And what you can see when you do these thin sections of the organisms
and look at them under electron microscopy,
is that the cell types change quite dramatically.
For example, there are very few, what he is labeling here as thylakoids,
this is just borrowing a term from eukaryotic cell biology
but what this is also really talking about here is the inner cytoplasmic membrane
that these cyanobacteria have that houses the photosynthetic apparati.
They have very few when they are in the akinete state, which makes sense, because these are resting cell types.
The heterocysts have a much thickened cell envelope, and these are the cells in which nitrogen fixation occurs.
And this is just a normal view of a vegetative cell,
where you have what Dave calls a thylakoid membrane, and what I have been calling the inner cytoplasmic membrane.
As well as an outer membrane and an inner membrane in the overall cell envelope.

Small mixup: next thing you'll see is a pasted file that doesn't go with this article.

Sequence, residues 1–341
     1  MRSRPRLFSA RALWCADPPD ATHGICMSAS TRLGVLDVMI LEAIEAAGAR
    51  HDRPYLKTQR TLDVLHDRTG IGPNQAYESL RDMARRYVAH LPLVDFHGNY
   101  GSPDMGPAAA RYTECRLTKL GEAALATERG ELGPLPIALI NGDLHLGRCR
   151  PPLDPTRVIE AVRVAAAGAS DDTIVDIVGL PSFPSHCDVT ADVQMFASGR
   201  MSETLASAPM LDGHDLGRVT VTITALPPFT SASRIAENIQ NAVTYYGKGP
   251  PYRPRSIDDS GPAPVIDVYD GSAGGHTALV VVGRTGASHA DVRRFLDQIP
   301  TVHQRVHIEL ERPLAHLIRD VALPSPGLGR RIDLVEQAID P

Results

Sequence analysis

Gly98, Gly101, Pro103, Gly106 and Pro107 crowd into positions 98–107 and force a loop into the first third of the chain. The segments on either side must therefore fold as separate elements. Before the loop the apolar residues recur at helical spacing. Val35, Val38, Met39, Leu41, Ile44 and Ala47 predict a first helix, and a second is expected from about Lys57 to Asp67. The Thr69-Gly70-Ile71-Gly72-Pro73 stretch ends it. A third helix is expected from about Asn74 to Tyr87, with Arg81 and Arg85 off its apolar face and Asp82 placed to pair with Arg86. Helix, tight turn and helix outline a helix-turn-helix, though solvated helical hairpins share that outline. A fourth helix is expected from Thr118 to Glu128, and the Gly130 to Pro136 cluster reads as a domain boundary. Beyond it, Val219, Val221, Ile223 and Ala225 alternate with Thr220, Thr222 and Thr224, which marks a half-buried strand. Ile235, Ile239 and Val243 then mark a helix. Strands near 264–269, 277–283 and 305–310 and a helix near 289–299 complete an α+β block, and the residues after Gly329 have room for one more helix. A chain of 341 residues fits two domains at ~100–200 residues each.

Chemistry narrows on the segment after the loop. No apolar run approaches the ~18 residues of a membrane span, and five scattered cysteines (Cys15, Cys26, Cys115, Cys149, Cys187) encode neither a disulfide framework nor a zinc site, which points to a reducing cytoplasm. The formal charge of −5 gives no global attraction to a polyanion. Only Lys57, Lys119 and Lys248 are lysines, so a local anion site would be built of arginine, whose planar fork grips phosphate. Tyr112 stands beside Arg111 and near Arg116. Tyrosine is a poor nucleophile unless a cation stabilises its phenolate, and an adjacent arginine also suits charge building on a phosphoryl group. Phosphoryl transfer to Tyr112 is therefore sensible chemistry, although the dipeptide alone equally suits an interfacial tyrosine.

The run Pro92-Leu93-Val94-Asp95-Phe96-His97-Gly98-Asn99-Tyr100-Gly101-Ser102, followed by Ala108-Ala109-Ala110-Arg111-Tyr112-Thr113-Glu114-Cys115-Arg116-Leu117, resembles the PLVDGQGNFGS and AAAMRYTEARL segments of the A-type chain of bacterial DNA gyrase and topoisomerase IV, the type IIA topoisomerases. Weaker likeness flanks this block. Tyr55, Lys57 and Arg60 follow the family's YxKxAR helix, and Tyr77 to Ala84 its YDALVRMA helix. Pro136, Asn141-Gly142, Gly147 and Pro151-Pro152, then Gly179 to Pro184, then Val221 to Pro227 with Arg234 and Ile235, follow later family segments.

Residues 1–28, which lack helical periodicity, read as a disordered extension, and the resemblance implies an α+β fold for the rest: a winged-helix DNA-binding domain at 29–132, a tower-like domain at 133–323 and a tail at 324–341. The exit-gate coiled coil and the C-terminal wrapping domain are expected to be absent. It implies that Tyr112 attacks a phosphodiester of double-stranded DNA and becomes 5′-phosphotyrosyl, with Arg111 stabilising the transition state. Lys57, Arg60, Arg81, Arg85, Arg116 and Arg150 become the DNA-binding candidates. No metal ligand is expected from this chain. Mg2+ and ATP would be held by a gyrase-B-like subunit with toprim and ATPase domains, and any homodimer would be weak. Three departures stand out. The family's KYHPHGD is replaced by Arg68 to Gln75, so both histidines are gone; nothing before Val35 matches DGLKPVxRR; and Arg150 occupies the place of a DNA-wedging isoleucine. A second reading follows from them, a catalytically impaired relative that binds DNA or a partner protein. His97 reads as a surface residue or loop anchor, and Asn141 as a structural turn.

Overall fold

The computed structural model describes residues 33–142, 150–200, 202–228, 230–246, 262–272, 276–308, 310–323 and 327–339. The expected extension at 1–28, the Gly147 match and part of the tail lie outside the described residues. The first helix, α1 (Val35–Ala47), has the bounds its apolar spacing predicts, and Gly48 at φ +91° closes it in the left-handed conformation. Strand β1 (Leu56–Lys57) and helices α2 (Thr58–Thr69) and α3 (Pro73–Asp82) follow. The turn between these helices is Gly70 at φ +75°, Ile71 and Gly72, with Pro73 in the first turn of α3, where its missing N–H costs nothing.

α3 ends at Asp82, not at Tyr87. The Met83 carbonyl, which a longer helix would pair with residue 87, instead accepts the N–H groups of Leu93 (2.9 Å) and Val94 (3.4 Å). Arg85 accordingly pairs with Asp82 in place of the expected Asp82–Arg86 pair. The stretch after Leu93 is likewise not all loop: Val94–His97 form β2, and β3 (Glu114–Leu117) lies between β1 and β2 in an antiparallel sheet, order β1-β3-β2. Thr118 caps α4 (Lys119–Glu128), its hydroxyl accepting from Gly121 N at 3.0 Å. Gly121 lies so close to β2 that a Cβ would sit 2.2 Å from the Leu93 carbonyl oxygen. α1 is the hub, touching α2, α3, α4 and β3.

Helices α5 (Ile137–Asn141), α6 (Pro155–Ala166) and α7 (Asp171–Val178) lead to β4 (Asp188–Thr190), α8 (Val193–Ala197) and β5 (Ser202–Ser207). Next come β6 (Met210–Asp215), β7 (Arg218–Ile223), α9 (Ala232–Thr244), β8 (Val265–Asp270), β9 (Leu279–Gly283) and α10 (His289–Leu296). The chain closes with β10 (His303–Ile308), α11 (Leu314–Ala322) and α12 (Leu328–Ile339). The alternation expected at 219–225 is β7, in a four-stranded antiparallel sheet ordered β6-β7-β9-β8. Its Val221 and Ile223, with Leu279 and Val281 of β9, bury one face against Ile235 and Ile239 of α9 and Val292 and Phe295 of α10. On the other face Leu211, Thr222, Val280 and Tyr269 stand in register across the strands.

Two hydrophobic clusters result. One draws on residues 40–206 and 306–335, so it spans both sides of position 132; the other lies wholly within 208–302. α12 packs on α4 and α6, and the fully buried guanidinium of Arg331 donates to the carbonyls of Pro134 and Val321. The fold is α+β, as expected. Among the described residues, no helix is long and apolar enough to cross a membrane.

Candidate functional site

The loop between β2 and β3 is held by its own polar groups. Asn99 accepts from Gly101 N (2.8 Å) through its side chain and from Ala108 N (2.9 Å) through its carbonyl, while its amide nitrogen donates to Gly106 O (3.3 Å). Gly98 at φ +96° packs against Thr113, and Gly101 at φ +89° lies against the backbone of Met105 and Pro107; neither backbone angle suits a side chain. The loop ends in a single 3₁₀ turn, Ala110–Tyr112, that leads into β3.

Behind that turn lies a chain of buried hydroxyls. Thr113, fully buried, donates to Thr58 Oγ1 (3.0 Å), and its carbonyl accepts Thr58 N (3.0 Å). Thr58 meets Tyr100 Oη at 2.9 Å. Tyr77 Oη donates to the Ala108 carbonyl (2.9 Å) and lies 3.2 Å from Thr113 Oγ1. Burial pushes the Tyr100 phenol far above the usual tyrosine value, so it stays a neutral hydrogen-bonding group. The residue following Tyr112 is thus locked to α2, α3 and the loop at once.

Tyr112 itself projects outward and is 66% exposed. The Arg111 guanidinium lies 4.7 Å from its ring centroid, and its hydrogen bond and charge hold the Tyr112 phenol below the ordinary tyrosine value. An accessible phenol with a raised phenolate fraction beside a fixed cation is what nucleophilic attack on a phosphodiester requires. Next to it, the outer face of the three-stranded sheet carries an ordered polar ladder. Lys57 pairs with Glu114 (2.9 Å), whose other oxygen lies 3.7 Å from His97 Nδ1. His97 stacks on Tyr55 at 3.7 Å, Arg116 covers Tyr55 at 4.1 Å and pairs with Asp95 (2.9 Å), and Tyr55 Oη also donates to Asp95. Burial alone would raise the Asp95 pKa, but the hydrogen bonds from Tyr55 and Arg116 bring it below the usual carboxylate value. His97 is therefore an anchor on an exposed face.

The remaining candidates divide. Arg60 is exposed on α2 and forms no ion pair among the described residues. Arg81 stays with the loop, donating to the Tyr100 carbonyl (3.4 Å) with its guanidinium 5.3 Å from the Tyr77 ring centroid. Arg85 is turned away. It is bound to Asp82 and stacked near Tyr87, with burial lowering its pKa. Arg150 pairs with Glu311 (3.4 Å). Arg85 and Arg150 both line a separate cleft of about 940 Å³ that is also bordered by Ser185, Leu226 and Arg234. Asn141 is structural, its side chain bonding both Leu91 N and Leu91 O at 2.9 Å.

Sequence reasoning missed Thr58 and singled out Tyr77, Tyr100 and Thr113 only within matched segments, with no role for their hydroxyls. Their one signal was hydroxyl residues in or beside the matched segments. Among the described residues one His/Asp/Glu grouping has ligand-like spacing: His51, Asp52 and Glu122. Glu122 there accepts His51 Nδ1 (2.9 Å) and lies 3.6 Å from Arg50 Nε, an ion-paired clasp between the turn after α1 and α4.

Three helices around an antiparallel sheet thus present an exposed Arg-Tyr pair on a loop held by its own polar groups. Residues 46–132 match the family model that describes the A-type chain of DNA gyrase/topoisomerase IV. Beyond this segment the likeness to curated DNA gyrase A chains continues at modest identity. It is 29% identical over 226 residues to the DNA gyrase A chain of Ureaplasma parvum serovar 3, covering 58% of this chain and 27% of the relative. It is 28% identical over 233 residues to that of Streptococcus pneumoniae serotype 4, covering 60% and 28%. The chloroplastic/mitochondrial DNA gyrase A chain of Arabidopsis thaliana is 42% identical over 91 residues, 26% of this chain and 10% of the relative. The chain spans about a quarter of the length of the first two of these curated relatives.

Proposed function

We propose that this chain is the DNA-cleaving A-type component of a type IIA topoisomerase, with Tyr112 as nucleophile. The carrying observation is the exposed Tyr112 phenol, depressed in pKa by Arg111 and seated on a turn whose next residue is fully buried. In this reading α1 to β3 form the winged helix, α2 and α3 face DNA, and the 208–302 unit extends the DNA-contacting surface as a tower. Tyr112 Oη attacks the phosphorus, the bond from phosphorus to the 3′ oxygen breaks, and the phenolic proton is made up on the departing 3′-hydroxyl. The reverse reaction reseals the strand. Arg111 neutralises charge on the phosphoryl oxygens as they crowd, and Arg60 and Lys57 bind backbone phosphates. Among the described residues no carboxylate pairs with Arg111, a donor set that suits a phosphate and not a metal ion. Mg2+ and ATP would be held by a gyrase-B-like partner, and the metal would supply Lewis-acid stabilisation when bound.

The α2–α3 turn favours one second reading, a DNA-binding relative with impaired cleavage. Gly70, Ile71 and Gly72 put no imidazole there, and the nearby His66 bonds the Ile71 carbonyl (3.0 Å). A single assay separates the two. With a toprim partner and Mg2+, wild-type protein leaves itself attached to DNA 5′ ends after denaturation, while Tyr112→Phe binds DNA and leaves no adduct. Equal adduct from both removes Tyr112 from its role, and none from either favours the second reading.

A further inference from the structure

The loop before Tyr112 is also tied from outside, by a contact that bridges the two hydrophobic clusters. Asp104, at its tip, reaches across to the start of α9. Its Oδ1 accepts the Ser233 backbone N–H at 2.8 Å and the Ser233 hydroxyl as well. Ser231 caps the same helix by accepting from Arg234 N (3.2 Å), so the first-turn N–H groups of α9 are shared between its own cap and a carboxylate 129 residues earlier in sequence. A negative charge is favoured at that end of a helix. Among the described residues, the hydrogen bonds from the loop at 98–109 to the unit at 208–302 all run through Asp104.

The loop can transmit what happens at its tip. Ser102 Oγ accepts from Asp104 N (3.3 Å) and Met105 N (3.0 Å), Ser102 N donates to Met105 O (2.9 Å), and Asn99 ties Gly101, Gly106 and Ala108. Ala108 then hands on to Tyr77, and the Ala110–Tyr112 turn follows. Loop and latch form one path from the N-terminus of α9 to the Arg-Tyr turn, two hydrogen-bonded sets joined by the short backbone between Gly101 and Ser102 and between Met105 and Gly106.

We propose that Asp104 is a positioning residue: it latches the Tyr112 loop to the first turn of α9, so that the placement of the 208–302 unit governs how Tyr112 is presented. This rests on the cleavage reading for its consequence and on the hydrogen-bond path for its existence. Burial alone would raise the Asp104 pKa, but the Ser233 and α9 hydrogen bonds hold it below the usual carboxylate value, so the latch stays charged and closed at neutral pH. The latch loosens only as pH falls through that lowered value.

Now what we wanted to ask was depending upon the way in which the cell was grown,
would we find that hopanoid content and also hopanoid localization to these three membranes change?
And the answer was dramatically yes.
And so what Dave showed was when he was able to grow them as vegetative cells,
as heterocysts. Isolate the heterocysts, and then grow them so that they went into the akinete cell type
and then fractionate each of those three different cell types with respect to the cytoplasmic membrane,
the thylakoid membrane, and outer membrane,
that for these cell types the concentration of hopanoids, micrograms of hopanoids per milligram of total lipid,
varied quite dramatically.
And what I'll have you note here is that for the cytoplasmic membrane and the thylakoid membrane
the scale is much smaller than for the outer membrane.
Here this is only going up to ten, and here it goes up to sixty.
And so while indeed we do find some of these hopanoids in akinetes
and in vegetative cells being generated in the thylakoid membrane
by far the greatest concentrations are in the outer membrane of the akinetes, which are the resting cell types.
So as I told you, akinetes can be very resistant. They are survival structures.
But what I want to add to that description is the fact that
they can develop when cells are grown completely in the absence of light.
And so while in this experiment Dave did he'd originally grown them up photosynthetically,
and then subjected them to starvation conditions so that they went into the akinete type.